Dear Ijeawele is very much a manifesto for how Adichie lives and thinks as a feminist; it's a codification of her own personal feminism in addition to being a primer on feminism, the ways in which society and the world conditions, raises, views, and treats women differently from men, and gender justice issues. It is both thoughtful and thought provoking.
Adichie's fourth suggestion begins with a warning regarding Feminism Lite or what I would still call subtle misogyny masquerading as feminism and concludes with the point that society has conditioned us to view power as male and thus to see powerful women as abnormal, unfeminine, and discomfiting. The fifth suggestion "teach [her] to read ... to love books" is a suggestion after my own heart. Reading as much as possible will provide an education in addition to the one given in schools.
The sixth suggestion that Adichie expounds upon is to "teach her to question language." Why do men only have empathy for women when they are seen as relational (i.e. sister, mother, wife, daughter) to men rather than as individual human beings? Why don't men need to view the male crime victim as a brother, father, husband, son to feel empathy? Why aren't women seen as human beings? Why must women fight for their personhood while men are born with theirs?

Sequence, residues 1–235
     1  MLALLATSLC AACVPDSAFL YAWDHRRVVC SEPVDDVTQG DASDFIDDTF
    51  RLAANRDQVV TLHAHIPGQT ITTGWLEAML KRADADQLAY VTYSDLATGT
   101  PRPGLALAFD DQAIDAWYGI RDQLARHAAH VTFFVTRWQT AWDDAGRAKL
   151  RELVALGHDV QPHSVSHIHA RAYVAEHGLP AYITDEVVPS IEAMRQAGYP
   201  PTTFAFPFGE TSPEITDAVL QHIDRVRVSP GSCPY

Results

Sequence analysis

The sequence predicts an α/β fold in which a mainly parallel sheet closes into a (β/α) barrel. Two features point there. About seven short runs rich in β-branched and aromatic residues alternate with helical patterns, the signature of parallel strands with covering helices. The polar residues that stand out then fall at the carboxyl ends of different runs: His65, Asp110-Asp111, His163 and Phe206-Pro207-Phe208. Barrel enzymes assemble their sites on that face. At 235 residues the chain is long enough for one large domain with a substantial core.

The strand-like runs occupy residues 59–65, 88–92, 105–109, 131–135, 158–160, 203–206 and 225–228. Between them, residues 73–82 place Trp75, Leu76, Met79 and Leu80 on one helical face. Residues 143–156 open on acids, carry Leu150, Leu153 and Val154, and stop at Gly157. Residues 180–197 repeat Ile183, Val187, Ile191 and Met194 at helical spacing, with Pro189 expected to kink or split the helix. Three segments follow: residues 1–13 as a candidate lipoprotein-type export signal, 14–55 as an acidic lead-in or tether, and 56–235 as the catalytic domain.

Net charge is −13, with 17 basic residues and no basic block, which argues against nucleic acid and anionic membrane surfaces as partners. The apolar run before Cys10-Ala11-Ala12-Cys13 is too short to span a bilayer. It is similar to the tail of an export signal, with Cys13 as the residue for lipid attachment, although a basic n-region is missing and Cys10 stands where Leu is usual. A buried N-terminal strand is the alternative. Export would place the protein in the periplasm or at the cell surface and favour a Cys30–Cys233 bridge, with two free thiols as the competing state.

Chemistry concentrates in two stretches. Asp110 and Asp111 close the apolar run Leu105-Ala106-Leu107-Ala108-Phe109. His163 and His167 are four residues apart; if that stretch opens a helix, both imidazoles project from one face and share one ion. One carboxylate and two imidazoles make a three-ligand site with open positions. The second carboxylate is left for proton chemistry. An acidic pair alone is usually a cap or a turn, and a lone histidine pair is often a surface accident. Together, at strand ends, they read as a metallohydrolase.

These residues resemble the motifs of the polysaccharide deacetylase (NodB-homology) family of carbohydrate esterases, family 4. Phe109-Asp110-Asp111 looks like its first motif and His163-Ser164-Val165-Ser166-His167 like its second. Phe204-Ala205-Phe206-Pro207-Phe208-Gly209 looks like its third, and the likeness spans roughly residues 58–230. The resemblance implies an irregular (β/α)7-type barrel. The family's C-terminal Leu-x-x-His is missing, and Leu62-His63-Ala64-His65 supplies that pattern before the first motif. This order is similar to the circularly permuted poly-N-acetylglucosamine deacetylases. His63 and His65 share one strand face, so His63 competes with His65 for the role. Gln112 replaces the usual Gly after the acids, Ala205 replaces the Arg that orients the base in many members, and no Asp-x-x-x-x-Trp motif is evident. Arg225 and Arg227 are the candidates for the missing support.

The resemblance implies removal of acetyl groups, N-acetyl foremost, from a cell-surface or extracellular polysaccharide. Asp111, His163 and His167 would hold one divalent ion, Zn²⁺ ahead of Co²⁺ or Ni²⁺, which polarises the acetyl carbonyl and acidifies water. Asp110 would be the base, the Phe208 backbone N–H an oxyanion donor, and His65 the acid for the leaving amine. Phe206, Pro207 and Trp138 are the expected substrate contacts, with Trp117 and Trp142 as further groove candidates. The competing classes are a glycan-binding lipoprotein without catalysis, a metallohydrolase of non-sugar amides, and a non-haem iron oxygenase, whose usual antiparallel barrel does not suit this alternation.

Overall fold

I like that Adichie discusses these issues and ideas both abstractly and concretely. That is, she also provides concrete examples and experiences in each of her fifteen suggestions. This is a slim, slight volume that can easily be read in a few days which is perfect for the person who doesn't have a lot of time or who likes to re-read. In fact this is a book that easily bears re-reading.
--Reviewed by Ms. Angie